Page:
Why I’ve Never Had A Real Boyfriend
And I definitely don’t want you to set me up with your friend.
I come from a country town where it’s common to be married with two children before you turn 25.
Me, on the other hand? I’ve never had a real boyfriend. I’ve dated guys for a few weeks at a time, but nothing more than a three-month stint.
I’m always the single-but-dating girl.
In the Tinder era of dating it’s hard to find someone you’re compatible with and that you can see yourself with long-term. The likelihood of meeting your perfect match versus getting your hands on a Birkin? I think toting around the world’s most coveted handbag is much more likely (and certainly higher on my priorities list).
It’s not like I cut things off at the three-month mark because I’m bored or I always want to be single and free to mingle. There’s usually a handful of reasons things have fizzled, not the least, the fact that I’m young with a world of potential behind me, so I think it’s a waste to settle down with someone just because everyone else is doing it.
Here’s why I’m always the single-but-dating girl who’s never had a boyfriend…
1. Modern dating’s exhausting
The pressure is on to be the perfect girlfriend to tend to every one of your SO’s needs now, more than ever. You need to be able to look the part and act the part to meet a guy these days who’s actually willing to commit to you. You can’t bring up issues without appearing to be needy. Forget exhibiting any other aspects of yourself than your easygoing fun girl side, or being able to establish where the relationship’s actually heading. Totally exhausting.
2. I’m not the token double-date girl
It’s the norm for everyone to want to set you up with every single man they know when you’re single. I used to think it was flattering to be set up, until it became annoyingly regular. You’ve heard all about this “amazing guy” your pal works with, and how “perfect” you’d be together, until the four of you go on a cringe-worthy double-date and you begin to seriously wonder if your friend secretly hates you.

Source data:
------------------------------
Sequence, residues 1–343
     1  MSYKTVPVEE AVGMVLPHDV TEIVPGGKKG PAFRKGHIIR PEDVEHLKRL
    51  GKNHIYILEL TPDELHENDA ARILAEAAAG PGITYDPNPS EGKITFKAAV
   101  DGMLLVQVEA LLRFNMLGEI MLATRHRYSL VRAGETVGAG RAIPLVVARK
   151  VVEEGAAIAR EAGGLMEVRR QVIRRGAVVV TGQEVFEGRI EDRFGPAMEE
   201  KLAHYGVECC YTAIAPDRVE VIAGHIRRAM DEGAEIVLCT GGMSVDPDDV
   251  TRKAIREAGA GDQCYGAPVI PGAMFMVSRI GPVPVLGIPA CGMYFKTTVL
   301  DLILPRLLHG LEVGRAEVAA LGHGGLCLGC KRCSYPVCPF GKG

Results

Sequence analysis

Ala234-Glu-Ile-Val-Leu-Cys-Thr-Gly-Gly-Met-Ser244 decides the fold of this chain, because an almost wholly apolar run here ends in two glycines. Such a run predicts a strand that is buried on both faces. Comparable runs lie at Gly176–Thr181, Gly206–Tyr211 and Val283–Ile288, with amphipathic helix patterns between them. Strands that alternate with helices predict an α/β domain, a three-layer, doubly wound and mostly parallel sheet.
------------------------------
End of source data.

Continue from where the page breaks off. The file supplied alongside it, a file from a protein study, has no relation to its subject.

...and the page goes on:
3. Settling isn’t an option
Being in my late 20s, I should be having the time of my life. I don’t see the need to have a boyfriend just for the sake of it. There’s no point staying with someone simply because you’re worried the sea of men out there is limited and this is as good as it gets. I’ll date here and there, but my whole existence doesn’t depend on the possibility of finding ‘The One’ and settling down.
4. Because my career won’t up and leave me
Many relationships have ended for me because we weren’t on the same page career-wise. He loathed work and begrudgingly went to support his weekend drinking habits. I went because I love what I do. When your relationship seems like the one that’s work and you get more pleasure out of your career, you know you need to move on.
5. I’m not a trophy
There’s a small percentage of men who only date women to use as bragging rights for their friends. I’ve dated men before who were running around town telling everyone we were a thing before I even knew what their last name was. It’s sweet when someone is flattered to be with you, but not when they’re only dating you for the status among their friends.
6. I’m not prepared to change who I am
With dating comes compromise, but when do we put our foot down and acknowledge we’re changing everything about our lives to be with one person? It’s normal when you get with someone to tweak some things about your life, but I’m not prepared to change who I am as a person to make a guy happy and keep him in my life.
7. I’m working on loving myself
I used to only want a boyfriend to act as approval that I’m an okay person. I didn’t really like myself, so I thought if I dated someone who was really into me, then I must be alright. Now, I know I can’t possibly meet my ideal man if I don’t love and accept myself first.
Although people think I’m missing out, the life experiences I’ve had because I’m not willing to settle, far outweigh the fact I’ve never had a real relationship.
Images via tumblr.com and giphy.com.
Comment: Do you think there’s a lot of pressure on single women to get coupled up?